The reduced, antioxidant form of CoQ10, called ubiquinol, is the most potent lipid antioxidant synthesized within the body. It plays an essential role in protecting lipoproteins and the cell membranes of the mitochondria from oxidative damage. Ubiquinol acts primarily to prevent both the initiation (“chain-breaking”) and the propagation of lipid peroxidation. It is particularly suited to do this, both because it is already located in the mitochondrial lipid membrane where free radicals are formed from the production of energy, and also because it is constantly regenerated through its activity in the electron transport chain.10

Clinical studies have shown that supplementation with CoQ10 positively impacts oocyte and reproductive health. In a prospective, randomized, open-label, controlled study, 186 women who had difficulty conceiving took 200 mg of CoQ10 or placebo for 60 days before assisted reproductive technology (ART). Those taking CoQ10 had a higher number of retrieved oocytes, a higher fertilization rate (67.49%), and more high-quality embryos compared to controls (all p<0.05).11

In addition, in ex vivo and in vitro studies using oocytes from older women, supplementing the oocytes with CoQ10 resulted in statistically significantly improved mitochondrial bioenergetics (increased complex II + III activity; p<0.001) and significantly increased oocyte maturation rates (82.6% vs. 63.0%; p=0.035), reduced oocyte aneuploidy rates (abnormal number of total chromosomes; 36.8% vs. 65.5%; p=0.020), and reduced chromosome aneuploidy frequencies (missing or extra copies of particular chromosomes; 4.1% vs. 7.0%; p=0.012), compared to controls.1213

Further studies using ubiquinol will improve our understanding of the reproductive health benefits women can realize.

Male Reproductive Health

For men, the reasons for inability to conceive are poorly understood and often lack any specific cause. Of infertility cases, 30-50% can be traced back solely or partially to a male factor,14 which is commonly manifest in the quality and quantity of sperm, including low sperm count, poor sperm motility, and abnormal sperm shape. This can be due to advanced age and genetics, as well as environmental pollutants and lifestyle factors, such as a poor diet, high stress, and a sedentary lifestyle that induces oxidative stress. Indeed, 1 in 3 men with inability to conceive have elevated free radicals in the seminal fluid.15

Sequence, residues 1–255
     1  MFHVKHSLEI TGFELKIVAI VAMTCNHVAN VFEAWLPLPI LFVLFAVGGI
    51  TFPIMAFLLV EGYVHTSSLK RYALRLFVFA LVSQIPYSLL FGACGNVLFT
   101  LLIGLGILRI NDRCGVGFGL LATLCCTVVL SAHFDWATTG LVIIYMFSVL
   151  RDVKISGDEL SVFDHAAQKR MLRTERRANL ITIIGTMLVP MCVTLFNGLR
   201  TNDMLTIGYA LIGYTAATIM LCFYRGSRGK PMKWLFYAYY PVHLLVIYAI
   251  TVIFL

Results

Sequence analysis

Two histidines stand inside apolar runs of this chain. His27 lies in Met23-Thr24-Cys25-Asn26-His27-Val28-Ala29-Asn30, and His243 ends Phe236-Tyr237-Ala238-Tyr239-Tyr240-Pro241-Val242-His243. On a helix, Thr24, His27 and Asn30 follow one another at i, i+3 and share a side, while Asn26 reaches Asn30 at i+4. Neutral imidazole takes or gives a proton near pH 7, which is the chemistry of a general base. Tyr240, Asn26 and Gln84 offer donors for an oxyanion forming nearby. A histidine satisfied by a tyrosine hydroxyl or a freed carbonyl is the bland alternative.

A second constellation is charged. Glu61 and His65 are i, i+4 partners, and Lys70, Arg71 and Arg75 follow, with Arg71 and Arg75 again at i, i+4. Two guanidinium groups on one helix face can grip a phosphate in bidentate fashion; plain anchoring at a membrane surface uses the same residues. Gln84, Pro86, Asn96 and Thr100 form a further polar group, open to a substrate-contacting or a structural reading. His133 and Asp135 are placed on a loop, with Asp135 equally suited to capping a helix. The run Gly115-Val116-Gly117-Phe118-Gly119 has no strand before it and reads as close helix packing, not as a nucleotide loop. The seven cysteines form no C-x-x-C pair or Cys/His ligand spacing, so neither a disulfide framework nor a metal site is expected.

As with oocytes, sperm activity relies heavily on mitochondrial function and energy production. Clinical research has shown that supplementation with CoQ10 or ubiquinol has a positive impact on sperm health.

CoQ10 levels have been found to be closely related to sperm quality. A randomized, double-blind, placebo-controlled trial (n=212) evaluated a daily dose of 300 mg CoQ10 over a 26-week period in men with difficulty initiating conception. The increased level of CoQ10 in the seminal fluid (p<0.001) coincided with significant improvement in sperm density and motility (p=0.01). When treatment duration was examined over time (versus baseline), a positive correlation was found for CoQ10 at 26 weeks for sperm count (r=0.46, p=0.03) as well as with sperm motility (r=0.45, p=0.04) and sperm morphology (r=0.34, p=0.04), meaning the longer the treatment with CoQ10, the larger the benefit. A statistically significant improvement in sex hormone levels was also found, which provides a healthier environment for sperm development.16

The same primary investigators conducted a similar study in 2012, this time using ubiquinol. In this study, Safaranijad et al. utilized 150 mg ubiquinol per day (n=228) in the same randomized, double-blind, placebo-controlled format with a similar treatment period of 26 weeks. This study also found a statistically significant increase in sperm counts (28.7± 4.6 x106/ml vs. 16.8±4.4 x106/ml; p<0.005) and sperm motility (35.8% vs. 25.4%; p<0.008) compared to placebo and a positive correlation between length of time on ubiquinol and all of the sperm parameters. Further, investigators found that ubiquinol statistically significantly improved plasma antioxidant activity via antioxidants CAT and SOD as well as improved sex hormone levels. When comparing their two similar studies, the scientists noted that: “Ubiquinol was more effective than CoQ10 in improving sperm count and motility. Sperm density increased by more than 2.5-fold with Ubiquinol compared to CoQ10.”17